No radar in Tesla Model 3 and Model Y will launch with camera-only autopilot


Tesla’s autopilot system currently uses 8 cameras, 12 ultrasonic sensors, and forward radar to read lane lines and detect nearby cars. 

Tesla is ditching the Model 3 and Model Y forward-facing radar sensors and starting to launch a product the company calls Tesla Vision, which will make Tesla’s driver assistance system almost entirely dependent on the car’s camera. . CEO Elon Musk has been touting “pure vision” for months and seems confident that Tesla will eventually be able to reach level 5 autonomy. Also this week, Bloomberg reported that a Tesla Model Y was found in Florida while testing a car provided by Luminar Technologies. The news agency noted that Musk had previously disparaged the use of lidar as a driving assistance function. 

The news agency noted that Musk had previously disparaged the use of lidar as a driving assistance function

According to an unidentified source, Bloomberg said that Tesla has a contract to use Luminar sensors for research and development. Tesla’s autopilot system currently uses 8 cameras, 12 ultrasonic sensors, and forward radar to read lane lines and detect nearby cars. The new car will rely primarily on the car’s camera and your computer’s processing power to use the autopilot and functional suite currently included in the Fully Automated Driving (FSD) package. Other automakers use radar in their adaptive cruise control systems and benefit from being able to operate in bad weather conditions and direct sunlight. Tesla stated earlier this year that “all that is required for complete autonomy is ultimately the vision system.”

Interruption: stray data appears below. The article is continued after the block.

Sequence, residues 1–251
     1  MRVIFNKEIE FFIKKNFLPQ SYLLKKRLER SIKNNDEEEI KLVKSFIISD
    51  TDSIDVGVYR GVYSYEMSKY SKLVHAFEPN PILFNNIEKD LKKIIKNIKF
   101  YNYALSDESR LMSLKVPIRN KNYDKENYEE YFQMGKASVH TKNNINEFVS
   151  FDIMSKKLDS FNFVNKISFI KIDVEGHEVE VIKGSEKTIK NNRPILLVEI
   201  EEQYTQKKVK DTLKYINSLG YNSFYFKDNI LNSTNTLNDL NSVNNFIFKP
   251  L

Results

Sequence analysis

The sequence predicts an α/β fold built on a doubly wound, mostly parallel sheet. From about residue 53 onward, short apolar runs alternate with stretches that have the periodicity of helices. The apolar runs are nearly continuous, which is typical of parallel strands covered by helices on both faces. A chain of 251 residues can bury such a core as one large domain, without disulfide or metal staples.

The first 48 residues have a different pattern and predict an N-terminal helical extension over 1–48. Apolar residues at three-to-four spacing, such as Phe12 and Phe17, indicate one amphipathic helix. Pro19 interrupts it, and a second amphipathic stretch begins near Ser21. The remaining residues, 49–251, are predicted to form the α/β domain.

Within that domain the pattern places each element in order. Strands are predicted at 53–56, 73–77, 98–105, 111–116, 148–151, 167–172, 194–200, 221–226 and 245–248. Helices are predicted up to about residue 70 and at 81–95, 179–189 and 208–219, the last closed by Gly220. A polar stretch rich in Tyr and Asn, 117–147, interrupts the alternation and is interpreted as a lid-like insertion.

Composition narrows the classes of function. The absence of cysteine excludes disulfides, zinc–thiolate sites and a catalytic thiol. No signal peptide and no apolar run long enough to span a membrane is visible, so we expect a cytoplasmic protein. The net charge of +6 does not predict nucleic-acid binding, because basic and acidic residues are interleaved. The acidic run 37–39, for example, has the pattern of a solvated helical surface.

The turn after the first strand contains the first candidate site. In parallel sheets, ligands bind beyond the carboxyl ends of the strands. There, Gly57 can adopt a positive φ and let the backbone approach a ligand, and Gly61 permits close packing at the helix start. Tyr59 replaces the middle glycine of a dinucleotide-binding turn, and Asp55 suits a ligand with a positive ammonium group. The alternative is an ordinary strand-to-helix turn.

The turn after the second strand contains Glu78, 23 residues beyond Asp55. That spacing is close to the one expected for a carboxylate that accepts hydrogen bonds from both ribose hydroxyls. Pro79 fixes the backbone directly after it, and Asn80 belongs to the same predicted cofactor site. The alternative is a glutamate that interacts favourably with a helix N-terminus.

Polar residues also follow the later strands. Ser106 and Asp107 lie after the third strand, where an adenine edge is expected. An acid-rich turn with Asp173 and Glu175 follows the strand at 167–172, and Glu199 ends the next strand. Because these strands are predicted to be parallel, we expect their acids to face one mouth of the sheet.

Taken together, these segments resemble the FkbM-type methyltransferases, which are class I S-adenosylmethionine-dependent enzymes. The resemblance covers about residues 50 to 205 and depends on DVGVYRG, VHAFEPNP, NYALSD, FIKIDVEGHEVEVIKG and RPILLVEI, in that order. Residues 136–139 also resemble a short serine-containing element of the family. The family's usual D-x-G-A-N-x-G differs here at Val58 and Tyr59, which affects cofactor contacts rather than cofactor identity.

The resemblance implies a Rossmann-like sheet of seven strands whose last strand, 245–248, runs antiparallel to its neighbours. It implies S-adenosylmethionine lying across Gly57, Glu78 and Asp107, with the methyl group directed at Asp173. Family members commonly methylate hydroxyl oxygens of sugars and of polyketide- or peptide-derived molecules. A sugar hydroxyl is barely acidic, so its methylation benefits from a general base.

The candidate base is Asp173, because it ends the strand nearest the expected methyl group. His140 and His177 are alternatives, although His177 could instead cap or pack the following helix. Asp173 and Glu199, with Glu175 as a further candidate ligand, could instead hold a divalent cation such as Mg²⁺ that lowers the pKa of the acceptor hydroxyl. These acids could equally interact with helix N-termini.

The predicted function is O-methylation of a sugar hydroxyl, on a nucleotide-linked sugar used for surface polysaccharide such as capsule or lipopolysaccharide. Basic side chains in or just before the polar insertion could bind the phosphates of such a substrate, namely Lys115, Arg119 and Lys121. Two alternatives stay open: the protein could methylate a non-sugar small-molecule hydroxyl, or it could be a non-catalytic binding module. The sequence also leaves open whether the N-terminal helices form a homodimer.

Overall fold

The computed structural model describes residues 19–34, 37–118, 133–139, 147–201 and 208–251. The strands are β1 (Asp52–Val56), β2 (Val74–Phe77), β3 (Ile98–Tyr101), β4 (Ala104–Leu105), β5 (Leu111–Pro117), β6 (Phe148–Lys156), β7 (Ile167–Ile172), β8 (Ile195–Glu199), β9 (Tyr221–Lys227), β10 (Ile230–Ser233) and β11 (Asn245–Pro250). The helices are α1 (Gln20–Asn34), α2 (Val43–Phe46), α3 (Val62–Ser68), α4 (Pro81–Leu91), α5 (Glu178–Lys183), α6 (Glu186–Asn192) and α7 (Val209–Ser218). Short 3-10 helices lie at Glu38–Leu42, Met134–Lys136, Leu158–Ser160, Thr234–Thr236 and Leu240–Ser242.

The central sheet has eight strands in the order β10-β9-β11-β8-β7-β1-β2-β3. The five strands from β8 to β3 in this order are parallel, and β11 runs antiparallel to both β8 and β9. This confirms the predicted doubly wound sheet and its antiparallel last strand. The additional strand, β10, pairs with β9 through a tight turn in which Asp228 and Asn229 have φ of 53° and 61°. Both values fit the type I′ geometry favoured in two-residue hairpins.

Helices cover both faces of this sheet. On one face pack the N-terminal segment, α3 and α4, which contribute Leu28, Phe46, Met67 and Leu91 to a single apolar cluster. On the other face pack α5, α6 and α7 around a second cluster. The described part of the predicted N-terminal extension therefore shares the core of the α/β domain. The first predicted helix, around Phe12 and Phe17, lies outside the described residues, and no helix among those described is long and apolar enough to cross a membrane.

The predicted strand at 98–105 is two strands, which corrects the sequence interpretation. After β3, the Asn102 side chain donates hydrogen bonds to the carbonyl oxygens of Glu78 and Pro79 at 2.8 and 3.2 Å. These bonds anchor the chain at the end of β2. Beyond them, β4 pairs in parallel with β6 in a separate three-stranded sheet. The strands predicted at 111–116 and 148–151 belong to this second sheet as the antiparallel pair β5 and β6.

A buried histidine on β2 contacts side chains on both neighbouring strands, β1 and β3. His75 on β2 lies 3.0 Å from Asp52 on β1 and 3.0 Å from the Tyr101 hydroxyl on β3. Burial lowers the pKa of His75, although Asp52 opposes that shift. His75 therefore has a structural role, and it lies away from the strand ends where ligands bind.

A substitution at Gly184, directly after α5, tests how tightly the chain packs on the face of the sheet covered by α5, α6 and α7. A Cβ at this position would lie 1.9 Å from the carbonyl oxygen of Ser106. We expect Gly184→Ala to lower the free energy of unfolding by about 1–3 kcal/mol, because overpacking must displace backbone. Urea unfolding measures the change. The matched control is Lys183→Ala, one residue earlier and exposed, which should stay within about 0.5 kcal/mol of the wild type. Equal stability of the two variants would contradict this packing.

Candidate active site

Fully Automated Driving (FSD) package

However, this change was initially accompanied by a reduction in functionality. Tesla warned about Smart Summon. And the emergency lane exit evasion will be disabled. Autosteer helps keep the car in the center of the lane, it will be limited to 75 mph, it will be less than the previous 90 mph, and it will have a longer following distance. Tesla promises to solve these problems through future wireless updates. Tesla CEO Elon Musk insisted that the long-awaited fully automated driving feature will launch in full mass production later this year, but has specified a release date before then.  

He announced on Twitter that the full autonomous driving V9.0 Beta version will be released in about three weeks, and full autonomous driving subscriptions will also be available at that time. We tested the current system and found that it was far from what its name promised. The updated Model 3 and Model Y will be delivered this month, and in North America alone, Tesla noted that it chose to use its highest-production vehicles first to quickly obtain real-world data for rapid system improvement. The Model S and X will go radar-free later, presumably after combining most of the early learning from 3 and Y. Those who ordered a car before this month will be notified if their car is a Tesla Vision-equipped car. 

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